There are many solutions for syncing files from computer to computer on Linux. On Addictivetips, we’ve covered Rsync, Syncthing and Resilio sync. Another file syncing solution for Linux users to try out is Daemon Sync. It’s a proprietary piece of software that allows users to sync their data between computers, including smartphones (iOS/Android).
Install Daemon Sync
Installing Daemon Sync on Linux is limited to only a few select Linux distributions.
Ubuntu/Debian and Derivatives
Officially, Daemon Sync only supports Ubuntu, Debian, and other Linux operating systems that also use Debian packages. There isn’t a PPA or stand-alone software repository, and it seems as if the Linux version of Daemon Sync is “server only.” Still, it’s nice to see there is at least a little bit of support for the platform.
To start the installation, head to the Daemon Sync website, and click the download button. It should automatically detect you’re running Linux. CD into the ~/Downloads folder.
Then, open up a terminal and use the dpkg tool to install the server package.
Note: Daemon Sync markets their Linux program as server software, but it’ll work on Ubuntu/Debian desktop PC’s just as well as servers.
sudo dpkg -i daemonsync_*_amd64.deb
sudo dpkg -i daemonsync_*_i386.deb
Installing the Daemon Sync server package inside Ubuntu, Debian or their derivatives doesn’t work right away. Due to the nature of how Debian packages sometimes work, it has dependency issues, and the user must fix them.
In the command line, the easiest way to fix this issue is to use the -f flag in the Apt package manager.
sudo apt install -f
When you run the install -f command, it automatically diagnoses the missing packages needed, and promptly install them.
After that, Daemon Sync should install correctly. If for some reason it hasn’t, it’s a good idea to run the dpkg command one more time. This time dpkg will have no errors.
As stated earlier, the Daemon Sync app doesn’t have official support for Linux users outside of Ubuntu and Debian. However, there are ways to get this program working. One thing to keep in mind as you follow these instructions, though: Daemon Sync is only installable via a Debian package, so decompiling it for your Linux distribution may not work at all.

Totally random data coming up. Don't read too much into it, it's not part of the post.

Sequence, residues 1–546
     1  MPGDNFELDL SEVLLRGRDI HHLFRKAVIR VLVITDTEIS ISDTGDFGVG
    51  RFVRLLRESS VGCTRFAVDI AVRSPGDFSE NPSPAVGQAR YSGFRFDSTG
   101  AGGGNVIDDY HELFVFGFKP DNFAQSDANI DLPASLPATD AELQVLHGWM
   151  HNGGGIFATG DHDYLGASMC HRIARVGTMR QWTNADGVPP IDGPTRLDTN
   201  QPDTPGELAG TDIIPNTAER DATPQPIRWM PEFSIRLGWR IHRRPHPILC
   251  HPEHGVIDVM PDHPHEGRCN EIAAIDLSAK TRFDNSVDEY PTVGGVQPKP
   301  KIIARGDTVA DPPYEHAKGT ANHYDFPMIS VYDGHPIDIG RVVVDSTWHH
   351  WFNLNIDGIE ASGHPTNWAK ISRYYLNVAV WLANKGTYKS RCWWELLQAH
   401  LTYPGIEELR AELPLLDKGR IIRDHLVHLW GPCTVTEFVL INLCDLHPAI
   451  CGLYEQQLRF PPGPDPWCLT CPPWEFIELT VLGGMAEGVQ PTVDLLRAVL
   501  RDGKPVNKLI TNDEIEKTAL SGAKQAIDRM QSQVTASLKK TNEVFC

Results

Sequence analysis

Follow these steps at your own risk. If you can’t get it working on a non-Ubuntu/Debian setup, it may be best to create a virtual machine that runs Daemon Sync on your server or PC.
Convert DEB To RPM
Probably the best luck for getting this software working on Linux distributions that use RPM packages is to convert them, using the Alien tool. Alien isn’t perfect, but it does an excellent job of parsing foreign packages and converting them to something more usable.
Note: Alien can also convert to Slackware packages.
Please understand that Alien has no way of determining what dependencies translate to for RPM. It’s best to study the ones that Daemon Sync installs on Ubuntu/Debian and look for the Fedora/OpenSUSE equivalents.
Download the latest version of Daemon Sync and follow our guide here to learn how to convert it to RPM.
Decompile DEB package
It’s relatively common knowledge that Debian package files are just AR archives with files inside. If you extract the right data, there’s a good chance you’ll be able to get the program inside working. Going this route is tricky, as the dependencies for other Linux distributions will not match up with ones on Ubuntu/Debian. For best results, study what Daemon Sync installs when apt install -f runs, and try to find the equivalent packages for your operating system.
When you’ve got the latest version of Daemon Sync downloaded, follow our guide to learn how to deconstruct Debian packages manually.
Using Daemon Sync
The Daemon Sync program is pretty easy to use compared to a lot of other Syncing tools. There are no systemd services to enable, files to move around or permissions to set up. Instead, the user installs the server program, downloads the Android or iOS application and connects the two.
To start using the Daemon Sync program, open up a new browser tab and enter the following URL:
Are you using a remote server on your network? If this is the case, you’ll need to find the remote IP address of the server first. To do this, SSH into the server and run ip addr.
ip addr show | grep 192.168
Running ip addr in conjunction with grep will filter out all information but the local IP address the server has with the router. Copy this address, open up a new browser tab and enter this address to access the interface:
Open the mobile app, and it will automatically detect any Daemon Sync server running on the network. After that, you’ll be prompted to enter a pin to gain access. Go back to the browser tab, enter the correct pin and everything should start working.
Sync all photos and videos back to the server by clicking “settings” in the app, then change the sync settings to “automatic.”
Media in Daemon Sync is accessable at /media/DAEMONSyncStorage/.